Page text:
9 tips for working from home: learning from lockdown

Written by Hannah Cork, 24.

Working from home has come with its benefits, such as spending more time with loved ones, no longer commuting, being able to customize my working environment, and wear comfy clothes. But there have also been challenges, such as struggling to remain motivated and having a routine, as well as Wi-Fi issues and a lack of equipment. However, it is important to remember that we are not simply ‘working from home’ but are in actual fact trying to work from home during a crisis, and therefore we must remember to be kind to ourselves and others, who are equally trying to make the best out of this situation.

This article is my way of sharing with you, the nine biggest lessons that I have learnt whilst working from home during lockdown.

#1 Don't underestimate the power of taking regular breaks

I have learnt that taking regular breaks, whether it is to put the washing on, or make a cup of tea, it is so important for your mental but also physical wellbeing, as our bodies are not designed to be glued to our chairs working relentlessly. It can be easy to get into the habit of working through your breaks, to finish earlier, however I know that my productivity and motivation deteriorates if I do not rest. Why not try a yoga or HIIT workout class with ClassPass?

It is important to remember that working additional hours most days is not necessarily sustainable and will not contribute to a good work-life balance. It is important that we do not compensate for lost productivity, by working longer hours. We are working in unprecedented and challenging times and therefore this is a learning curve for many.

#2 An improved work-life balance is key

As mentioned previously there have been various benefits of working from home, including being able to walk my beloved German Shepherd (pictured right) more frequently. This has definitely helped me remain positive and allowed me to switch off from work at the end of the day. Now that a lot of us are no longer commuting, it is much harder to separate personal and corporate life, so I find tidying my work station away at night and turning off work devices, going for some exercise, or baking after work enables me to switch off properly.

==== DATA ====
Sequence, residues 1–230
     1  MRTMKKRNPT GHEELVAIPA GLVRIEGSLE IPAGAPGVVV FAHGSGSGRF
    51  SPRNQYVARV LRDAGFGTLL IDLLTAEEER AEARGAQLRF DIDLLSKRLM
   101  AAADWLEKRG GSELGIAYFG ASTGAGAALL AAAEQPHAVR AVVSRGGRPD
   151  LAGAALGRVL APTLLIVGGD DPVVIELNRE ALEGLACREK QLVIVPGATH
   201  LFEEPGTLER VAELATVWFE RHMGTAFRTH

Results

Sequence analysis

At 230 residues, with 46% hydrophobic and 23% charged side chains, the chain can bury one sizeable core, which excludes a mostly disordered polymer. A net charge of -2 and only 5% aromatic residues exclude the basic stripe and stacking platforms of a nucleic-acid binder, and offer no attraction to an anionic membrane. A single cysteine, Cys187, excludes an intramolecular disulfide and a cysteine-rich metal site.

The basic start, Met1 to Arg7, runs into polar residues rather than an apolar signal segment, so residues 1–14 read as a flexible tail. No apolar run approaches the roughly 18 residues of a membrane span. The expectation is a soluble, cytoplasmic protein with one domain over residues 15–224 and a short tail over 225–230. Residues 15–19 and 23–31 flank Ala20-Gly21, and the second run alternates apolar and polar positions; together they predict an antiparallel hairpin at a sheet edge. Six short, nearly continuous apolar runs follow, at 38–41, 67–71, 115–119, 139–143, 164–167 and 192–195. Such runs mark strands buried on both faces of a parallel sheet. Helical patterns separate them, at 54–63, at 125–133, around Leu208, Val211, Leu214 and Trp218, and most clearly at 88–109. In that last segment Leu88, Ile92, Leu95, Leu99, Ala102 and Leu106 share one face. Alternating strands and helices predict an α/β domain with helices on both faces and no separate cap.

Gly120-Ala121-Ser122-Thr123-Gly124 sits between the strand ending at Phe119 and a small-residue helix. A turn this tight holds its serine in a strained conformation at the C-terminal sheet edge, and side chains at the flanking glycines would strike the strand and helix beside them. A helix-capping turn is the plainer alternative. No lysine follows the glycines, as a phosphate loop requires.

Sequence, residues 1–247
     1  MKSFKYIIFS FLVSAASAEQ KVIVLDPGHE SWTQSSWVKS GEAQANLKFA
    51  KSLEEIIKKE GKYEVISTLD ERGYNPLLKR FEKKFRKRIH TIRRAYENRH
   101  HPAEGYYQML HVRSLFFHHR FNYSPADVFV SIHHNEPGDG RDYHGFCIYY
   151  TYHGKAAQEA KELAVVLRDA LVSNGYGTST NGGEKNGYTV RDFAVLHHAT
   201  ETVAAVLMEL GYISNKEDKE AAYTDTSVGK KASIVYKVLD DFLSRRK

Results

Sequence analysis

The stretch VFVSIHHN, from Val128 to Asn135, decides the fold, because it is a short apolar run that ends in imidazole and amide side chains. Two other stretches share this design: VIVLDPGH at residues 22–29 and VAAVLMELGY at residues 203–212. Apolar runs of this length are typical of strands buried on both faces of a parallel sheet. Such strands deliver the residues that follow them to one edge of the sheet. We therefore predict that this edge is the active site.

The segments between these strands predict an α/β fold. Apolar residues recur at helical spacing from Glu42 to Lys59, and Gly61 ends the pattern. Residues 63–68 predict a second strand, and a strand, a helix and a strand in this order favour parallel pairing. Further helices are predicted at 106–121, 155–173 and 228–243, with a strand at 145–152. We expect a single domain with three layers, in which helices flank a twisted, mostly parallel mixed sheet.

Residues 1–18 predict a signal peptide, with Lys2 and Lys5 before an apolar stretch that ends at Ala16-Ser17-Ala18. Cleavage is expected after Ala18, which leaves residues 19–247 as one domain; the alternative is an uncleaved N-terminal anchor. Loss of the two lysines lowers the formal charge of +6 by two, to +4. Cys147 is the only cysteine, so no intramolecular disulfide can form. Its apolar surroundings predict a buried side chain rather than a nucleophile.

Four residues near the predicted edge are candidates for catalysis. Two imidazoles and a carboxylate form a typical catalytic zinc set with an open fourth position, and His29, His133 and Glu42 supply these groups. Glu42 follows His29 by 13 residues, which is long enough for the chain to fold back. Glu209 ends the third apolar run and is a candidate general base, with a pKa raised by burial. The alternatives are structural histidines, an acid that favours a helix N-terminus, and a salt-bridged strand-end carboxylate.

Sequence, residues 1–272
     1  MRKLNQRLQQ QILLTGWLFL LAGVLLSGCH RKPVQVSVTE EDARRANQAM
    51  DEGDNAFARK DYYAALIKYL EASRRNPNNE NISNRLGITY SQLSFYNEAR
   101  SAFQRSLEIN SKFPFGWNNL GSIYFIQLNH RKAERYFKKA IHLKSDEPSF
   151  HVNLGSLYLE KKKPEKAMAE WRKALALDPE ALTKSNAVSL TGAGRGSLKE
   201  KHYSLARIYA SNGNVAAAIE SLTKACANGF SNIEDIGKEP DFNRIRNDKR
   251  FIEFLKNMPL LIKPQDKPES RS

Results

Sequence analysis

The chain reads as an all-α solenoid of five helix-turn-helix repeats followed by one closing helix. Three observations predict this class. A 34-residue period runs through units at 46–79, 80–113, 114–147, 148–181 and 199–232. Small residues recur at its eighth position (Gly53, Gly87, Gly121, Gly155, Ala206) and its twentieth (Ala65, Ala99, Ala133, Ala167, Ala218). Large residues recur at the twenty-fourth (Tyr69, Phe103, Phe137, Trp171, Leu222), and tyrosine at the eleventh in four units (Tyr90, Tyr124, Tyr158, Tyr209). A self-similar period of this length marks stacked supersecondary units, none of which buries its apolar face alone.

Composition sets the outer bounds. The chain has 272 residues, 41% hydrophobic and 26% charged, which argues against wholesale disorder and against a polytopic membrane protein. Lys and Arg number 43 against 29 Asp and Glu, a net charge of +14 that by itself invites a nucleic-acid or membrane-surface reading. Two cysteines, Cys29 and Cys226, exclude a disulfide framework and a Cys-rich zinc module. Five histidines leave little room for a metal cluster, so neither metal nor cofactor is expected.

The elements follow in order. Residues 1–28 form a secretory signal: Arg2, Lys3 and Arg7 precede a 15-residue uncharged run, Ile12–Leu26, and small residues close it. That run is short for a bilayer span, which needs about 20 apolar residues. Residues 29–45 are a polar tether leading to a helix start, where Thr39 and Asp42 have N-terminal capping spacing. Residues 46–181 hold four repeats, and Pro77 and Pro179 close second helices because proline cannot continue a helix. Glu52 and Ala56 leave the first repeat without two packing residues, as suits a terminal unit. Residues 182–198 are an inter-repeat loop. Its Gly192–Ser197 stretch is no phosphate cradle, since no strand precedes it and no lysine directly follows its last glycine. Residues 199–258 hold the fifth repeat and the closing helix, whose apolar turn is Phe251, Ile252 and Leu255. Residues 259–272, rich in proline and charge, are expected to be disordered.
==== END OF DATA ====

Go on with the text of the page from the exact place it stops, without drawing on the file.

#3 Communication between you and your line manager is important

I have also found that regular and honest communication with my manager has been beneficial, such as being transparent about my workload and whether any additional support is required. Last week, I was honest with my manager, as there were various disagreements in my household about me requiring a quiet place to work and make confidential calls, therefore I explained the situation to my manager. I resolved the situation by using a headset, organising my diary so I schedule phone calls at certain times of the day and I have also varied my working hours to accommodate, but I appreciate this is not possible for everyone. Don’t hesitate to request reasonable adjustments to enable you to complete your job more fully or contribute to your wellbeing. You might have already received an employee survey, requesting you to voice any concerns about working from home or necessary adjustments, so use this opportunity to be honest about what you require or might require in the near future.

#4 Be honest with yourself

Most of us will feel many mixed-emotions at the moment, whether this is due to being separated from loved ones, worried about loved ones, not feeling secure within your job or concerned about the latest headlines. Unfortunately, my grandmother passed away due to COVID-19 and my work have been very supportive, but I chose not to take time off for bereavement, due to wanting to keep myself occupied. However, after being furloughed temporarily soon after, I realised that I should have allowed myself that time to grieve.

#5 Socialising with colleagues does not have to stop